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Mazer-e-Sharif workers report deaths, looting

Hundreds of people died and tons of relief supplies were looted as the Northern Alliance wrested control of Mazar-e-Sharif from the Taliban, aid groups reported Tuesday while their workers went around the city burying the dead.

The International Red Cross said the bodies were buried "for reasons of health and of dignity" and would be placed in marked graves. It did not say whether the dead were civilians or fighters.

A Northern Alliance official denied the reports of slayings and instability.

"It is completely, completely peaceful and secure," said Ibrahim Ghafoori, a representative of the Northern Alliance in Uzbekistan. "There is no danger, no disputes, no friction, nothing."

U.N. spokeswoman Stephanie Bunker said the agency had corroborated reports that "over 100 Taliban troops who were young recruits hiding in a school were killed by Northern Alliance forces on Saturday after 6 p.m." It was not clear whether the Taliban died fighting or if they were captured and executed.

Bunker said "other unconfirmed reports speak of incidents including violence and summary executions." Bunker, who spoke in Islamabad, Pakistan, said fighting was continuing in and around the northern city.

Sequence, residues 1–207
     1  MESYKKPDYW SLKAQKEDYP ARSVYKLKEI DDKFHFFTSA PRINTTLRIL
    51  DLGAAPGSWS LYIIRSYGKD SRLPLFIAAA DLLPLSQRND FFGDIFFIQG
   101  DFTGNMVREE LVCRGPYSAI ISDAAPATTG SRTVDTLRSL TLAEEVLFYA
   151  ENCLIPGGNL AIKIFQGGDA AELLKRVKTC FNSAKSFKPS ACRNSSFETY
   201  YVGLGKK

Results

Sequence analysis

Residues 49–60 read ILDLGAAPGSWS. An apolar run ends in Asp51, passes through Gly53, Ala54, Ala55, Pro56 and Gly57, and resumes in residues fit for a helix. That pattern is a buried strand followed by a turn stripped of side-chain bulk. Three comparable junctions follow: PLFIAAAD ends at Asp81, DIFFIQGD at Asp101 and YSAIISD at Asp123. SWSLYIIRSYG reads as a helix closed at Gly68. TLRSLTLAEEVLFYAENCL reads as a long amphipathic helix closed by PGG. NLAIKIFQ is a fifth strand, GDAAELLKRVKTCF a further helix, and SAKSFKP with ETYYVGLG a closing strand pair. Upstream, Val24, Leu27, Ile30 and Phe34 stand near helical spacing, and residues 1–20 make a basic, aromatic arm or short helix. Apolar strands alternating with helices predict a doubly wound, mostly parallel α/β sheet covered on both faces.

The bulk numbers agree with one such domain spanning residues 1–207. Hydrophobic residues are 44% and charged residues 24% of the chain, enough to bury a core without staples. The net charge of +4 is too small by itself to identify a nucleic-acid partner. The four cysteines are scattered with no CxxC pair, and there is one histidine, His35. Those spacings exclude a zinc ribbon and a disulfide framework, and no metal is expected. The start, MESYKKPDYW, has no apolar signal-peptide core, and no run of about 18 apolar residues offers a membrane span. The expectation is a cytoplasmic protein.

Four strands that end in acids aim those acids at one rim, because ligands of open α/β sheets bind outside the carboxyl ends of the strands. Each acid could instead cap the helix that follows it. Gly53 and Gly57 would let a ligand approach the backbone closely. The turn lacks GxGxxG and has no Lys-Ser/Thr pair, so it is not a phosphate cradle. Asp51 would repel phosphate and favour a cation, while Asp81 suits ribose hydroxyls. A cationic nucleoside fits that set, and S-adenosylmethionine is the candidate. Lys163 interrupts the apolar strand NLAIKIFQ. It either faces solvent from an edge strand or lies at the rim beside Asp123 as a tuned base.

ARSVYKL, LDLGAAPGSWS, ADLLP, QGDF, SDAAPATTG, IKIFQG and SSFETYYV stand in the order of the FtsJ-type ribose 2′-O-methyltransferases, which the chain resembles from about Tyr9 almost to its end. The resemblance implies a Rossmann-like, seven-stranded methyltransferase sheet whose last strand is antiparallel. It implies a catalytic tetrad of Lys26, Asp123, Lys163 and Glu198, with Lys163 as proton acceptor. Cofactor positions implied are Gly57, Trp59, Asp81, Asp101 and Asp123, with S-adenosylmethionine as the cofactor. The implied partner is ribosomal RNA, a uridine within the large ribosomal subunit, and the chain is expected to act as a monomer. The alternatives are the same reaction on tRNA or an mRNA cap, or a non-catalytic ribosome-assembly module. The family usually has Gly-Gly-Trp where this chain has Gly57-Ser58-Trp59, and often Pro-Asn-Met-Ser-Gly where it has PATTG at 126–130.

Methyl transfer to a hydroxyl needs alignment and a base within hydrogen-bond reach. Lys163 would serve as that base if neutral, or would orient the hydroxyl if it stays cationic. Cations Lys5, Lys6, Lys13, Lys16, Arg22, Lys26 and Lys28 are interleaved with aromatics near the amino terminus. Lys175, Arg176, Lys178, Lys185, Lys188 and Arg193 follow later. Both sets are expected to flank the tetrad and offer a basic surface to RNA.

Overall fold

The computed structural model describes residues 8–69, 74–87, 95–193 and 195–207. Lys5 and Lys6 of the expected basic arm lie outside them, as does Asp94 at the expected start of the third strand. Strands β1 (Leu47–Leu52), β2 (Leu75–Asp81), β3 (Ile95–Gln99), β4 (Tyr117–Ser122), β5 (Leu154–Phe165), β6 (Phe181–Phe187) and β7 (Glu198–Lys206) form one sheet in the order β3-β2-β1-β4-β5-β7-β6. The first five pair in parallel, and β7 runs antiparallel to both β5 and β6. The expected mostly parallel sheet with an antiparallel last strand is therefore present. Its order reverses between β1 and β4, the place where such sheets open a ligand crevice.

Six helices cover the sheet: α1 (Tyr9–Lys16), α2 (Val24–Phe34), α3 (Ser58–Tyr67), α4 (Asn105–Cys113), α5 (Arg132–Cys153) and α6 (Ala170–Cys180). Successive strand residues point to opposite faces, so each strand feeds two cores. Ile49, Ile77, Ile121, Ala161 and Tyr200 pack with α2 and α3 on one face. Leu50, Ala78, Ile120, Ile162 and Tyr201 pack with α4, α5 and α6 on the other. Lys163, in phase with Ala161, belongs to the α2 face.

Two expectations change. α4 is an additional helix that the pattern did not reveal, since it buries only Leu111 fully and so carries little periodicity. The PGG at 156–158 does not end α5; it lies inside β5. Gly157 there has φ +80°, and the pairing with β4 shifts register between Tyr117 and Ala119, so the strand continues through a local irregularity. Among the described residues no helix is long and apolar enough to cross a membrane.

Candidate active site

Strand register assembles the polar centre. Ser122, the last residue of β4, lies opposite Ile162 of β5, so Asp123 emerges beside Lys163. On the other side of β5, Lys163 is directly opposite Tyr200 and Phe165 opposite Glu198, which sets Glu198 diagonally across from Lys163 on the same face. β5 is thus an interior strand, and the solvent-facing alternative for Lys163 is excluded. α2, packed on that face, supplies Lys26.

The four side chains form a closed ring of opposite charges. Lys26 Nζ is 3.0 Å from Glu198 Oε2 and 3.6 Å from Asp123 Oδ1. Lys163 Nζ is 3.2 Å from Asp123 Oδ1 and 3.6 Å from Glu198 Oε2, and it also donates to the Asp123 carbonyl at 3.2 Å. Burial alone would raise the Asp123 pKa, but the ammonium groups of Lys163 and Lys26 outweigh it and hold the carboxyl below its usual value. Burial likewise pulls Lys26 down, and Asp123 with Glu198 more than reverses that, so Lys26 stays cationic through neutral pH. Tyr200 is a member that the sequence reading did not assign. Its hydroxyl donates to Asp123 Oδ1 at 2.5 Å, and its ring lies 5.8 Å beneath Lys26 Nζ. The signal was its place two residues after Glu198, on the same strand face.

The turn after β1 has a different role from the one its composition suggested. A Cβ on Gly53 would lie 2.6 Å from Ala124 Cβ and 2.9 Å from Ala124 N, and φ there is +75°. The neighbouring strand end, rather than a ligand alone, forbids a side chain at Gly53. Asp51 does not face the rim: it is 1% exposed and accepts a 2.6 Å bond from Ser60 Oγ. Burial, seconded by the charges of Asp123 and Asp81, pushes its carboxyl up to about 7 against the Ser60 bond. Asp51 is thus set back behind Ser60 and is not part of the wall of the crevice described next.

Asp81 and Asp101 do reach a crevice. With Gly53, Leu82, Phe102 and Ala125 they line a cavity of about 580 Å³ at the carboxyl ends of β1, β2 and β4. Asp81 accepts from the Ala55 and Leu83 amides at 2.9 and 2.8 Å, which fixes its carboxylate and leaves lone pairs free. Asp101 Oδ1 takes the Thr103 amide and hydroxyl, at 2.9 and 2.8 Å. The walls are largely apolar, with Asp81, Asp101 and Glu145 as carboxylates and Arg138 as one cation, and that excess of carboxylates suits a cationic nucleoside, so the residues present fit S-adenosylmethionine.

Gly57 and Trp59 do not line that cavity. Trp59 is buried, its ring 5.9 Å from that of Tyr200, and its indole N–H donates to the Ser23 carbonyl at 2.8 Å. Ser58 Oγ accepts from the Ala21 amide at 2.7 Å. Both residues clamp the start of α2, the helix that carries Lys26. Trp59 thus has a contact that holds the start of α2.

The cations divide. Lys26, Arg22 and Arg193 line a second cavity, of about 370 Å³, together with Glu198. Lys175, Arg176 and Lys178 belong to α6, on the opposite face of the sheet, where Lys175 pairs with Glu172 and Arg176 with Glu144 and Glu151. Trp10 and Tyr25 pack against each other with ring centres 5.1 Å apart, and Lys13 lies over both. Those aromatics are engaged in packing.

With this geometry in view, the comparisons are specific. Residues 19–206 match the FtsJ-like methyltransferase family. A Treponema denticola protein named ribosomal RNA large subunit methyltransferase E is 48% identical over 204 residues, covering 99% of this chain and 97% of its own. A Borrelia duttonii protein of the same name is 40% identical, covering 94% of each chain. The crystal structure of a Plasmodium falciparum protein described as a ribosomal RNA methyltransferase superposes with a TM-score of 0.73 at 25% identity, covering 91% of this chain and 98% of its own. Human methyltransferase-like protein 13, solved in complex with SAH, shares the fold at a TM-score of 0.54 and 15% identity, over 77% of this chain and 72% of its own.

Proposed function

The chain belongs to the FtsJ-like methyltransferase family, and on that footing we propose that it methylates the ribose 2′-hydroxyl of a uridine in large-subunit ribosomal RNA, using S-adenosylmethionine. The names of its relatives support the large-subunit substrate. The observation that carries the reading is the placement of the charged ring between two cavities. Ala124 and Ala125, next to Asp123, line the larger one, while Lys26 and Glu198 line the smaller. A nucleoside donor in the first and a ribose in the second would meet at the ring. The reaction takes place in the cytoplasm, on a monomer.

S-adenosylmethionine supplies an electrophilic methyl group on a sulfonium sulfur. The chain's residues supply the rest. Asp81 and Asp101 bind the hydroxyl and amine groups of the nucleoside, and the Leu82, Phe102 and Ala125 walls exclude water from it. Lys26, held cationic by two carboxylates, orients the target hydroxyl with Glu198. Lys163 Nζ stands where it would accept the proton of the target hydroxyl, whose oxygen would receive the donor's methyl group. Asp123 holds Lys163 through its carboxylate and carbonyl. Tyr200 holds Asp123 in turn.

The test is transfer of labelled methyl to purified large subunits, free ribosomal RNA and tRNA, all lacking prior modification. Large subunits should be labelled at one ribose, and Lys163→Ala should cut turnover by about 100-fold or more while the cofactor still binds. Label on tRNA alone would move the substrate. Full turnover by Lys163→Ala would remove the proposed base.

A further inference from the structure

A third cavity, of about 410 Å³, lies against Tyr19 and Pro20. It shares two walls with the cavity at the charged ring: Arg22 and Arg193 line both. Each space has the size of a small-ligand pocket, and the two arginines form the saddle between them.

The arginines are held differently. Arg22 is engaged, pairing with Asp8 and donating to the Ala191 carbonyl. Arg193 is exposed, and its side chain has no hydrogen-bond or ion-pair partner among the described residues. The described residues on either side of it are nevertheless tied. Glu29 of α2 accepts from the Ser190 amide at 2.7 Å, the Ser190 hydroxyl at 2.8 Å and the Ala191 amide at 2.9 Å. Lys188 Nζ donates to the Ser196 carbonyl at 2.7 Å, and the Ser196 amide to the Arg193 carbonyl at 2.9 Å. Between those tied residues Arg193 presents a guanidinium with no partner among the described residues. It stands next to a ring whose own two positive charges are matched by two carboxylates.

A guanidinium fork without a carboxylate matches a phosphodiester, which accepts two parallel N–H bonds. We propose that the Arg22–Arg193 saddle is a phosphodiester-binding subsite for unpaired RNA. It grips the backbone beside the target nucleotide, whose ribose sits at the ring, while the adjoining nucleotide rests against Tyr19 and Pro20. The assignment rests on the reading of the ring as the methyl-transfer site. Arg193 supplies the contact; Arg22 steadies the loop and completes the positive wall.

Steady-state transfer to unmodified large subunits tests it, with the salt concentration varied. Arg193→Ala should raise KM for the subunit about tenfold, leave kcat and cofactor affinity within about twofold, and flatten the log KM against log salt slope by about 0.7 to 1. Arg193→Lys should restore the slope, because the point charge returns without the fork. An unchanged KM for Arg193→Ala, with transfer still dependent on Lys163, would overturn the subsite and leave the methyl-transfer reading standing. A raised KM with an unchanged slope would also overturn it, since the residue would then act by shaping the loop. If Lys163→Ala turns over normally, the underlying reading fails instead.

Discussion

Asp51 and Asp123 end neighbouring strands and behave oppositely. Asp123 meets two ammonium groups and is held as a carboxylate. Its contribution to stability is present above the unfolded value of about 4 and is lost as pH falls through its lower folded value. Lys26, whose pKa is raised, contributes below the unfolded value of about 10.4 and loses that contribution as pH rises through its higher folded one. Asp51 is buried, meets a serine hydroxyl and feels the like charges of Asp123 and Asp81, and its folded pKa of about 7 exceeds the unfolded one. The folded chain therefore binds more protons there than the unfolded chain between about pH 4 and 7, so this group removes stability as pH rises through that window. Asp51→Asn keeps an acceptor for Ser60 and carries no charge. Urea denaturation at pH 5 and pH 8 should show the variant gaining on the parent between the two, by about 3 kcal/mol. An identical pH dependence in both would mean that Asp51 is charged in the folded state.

In Geneva, Antonella Notari, a spokeswoman for the International Committee of the Red Cross, said Tuesday that the number of dead in Mazar-e-Sharif "is in the hundreds."

In Washington, President Bush said he and visiting Russian President Vladimir Putin had discussed the situation in Mazar-e-Sharif and other cities taken by the Northern Alliance.

"We will continue to work with the Northern Alliance commanders to make sure they respect the human rights of the people that they're liberating," Bush said.

Putin demanded proof of wrongdoing by the alliance and told the media to "pay attention" to the Taliban instead. "We tend to forget now the destruction of the cultural heritage of humankind," he said. "We tend to forget now the atrocities by Taliban."

Christiane Berthiaume, spokeswoman for the World Food Program in Geneva, said that "in Mazar there is a lot of pillaging as well as civilian kidnappings, armed men out of control and fighting in the streets."

She said 89 tons of food in U.N. warehouses was stolen over the weekend. A 10-truck convoy carrying relief supplies, including tents and water pumps, was seized.

_ Information from the Washington Post was used in this report.

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